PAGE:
- The Journal of Alternative and Complementary Medicine 06/2008; 14(4):351-2.
- The Journal of Alternative and Complementary Medicine 06/2008; 14(4):349-50.
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ABSTRACT: A 1977 study by Melzack et al. reported 100% anatomic and 71% clinical pain correspondences of myofascial trigger points and classical acupuncture points in the treatment of pain disorders. A reanalysis of this study's data using different acupuncture resources by Birch a quarter century later concluded that correlating trigger points to classical acupuncture points was not conceptually possible and that the only class of acupuncture points that could were the a shi points. Moreover, Birch concluded that no more than 40% of the acupuncture points examined by Melzack et al. correlated clinically for the treatment of pain (correlation was more like 18%-19%). To examine Birch's claims that myofascial trigger points cannot conceptually be compared to classical acupuncture points and that most (at least 60%) of the classical acupuncture points examined by the study of Melzack et al. are not recommended for treating pain conditions, negating their findings of a 71% clinical pain correspondence of trigger points and acupuncture points. Acupuncture references and literature were reviewed to examine the validity of the Birch study findings. Acupuncture references support the conceptual comparison of trigger points to classical acupuncture points in the treatment of pain disorders, and their clinical correspondence in this regard is likely 95% or higher. Although separated by 2000 years temporally, the acupuncture and myofascial pain traditions have fundamental clinical similarities in the treatment of pain disorders. Myofascial pain data and research may help elucidate the mechanisms of acupuncture's effects.The Journal of Alternative and Complementary Medicine 06/2008; 14(4):353-9.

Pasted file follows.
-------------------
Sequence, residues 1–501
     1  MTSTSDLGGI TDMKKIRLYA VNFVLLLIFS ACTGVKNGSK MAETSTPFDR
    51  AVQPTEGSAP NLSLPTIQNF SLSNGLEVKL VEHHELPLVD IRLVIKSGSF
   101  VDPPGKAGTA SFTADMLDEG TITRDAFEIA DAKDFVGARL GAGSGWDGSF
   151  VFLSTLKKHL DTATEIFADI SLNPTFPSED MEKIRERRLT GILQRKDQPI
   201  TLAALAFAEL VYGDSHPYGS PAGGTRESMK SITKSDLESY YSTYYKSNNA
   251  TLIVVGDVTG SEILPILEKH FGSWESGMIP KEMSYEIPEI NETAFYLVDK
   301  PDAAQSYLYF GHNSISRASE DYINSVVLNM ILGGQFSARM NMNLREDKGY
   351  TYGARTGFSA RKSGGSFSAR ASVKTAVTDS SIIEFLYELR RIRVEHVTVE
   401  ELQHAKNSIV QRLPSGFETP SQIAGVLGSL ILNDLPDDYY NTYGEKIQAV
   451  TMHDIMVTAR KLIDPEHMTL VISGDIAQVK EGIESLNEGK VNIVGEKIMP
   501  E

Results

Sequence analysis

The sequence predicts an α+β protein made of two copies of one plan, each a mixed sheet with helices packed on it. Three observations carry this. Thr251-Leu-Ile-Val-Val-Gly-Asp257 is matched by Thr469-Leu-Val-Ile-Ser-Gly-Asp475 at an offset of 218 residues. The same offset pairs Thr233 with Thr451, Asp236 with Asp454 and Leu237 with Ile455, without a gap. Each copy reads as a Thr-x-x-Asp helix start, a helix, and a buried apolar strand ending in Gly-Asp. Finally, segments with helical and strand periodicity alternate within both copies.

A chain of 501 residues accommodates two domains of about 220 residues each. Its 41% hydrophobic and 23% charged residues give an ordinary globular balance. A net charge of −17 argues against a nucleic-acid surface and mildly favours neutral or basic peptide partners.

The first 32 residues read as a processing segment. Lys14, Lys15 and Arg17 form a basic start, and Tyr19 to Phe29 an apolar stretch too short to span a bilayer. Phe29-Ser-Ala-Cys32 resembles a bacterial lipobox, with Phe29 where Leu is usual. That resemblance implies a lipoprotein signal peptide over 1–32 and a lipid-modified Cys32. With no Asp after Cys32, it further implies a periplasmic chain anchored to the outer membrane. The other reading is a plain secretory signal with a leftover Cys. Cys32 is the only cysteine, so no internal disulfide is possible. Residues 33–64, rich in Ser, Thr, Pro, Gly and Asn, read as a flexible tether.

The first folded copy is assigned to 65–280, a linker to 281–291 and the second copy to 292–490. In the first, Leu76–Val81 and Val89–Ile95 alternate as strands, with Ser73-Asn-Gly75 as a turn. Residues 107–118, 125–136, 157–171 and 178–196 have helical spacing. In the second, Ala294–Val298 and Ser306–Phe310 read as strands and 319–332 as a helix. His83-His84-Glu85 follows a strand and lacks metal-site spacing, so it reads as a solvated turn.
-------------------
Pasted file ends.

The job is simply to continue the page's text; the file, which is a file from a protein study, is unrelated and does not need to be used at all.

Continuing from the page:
Data provided are for informational purposes only. Although carefully collected, accuracy cannot be guaranteed. The impact factor represents a rough estimation of the journal's impact factor and does not reflect the actual current impact factor. Publisher conditions are provided by RoMEO. Differing provisions from the publisher's actual policy or licence agreement may be applicable.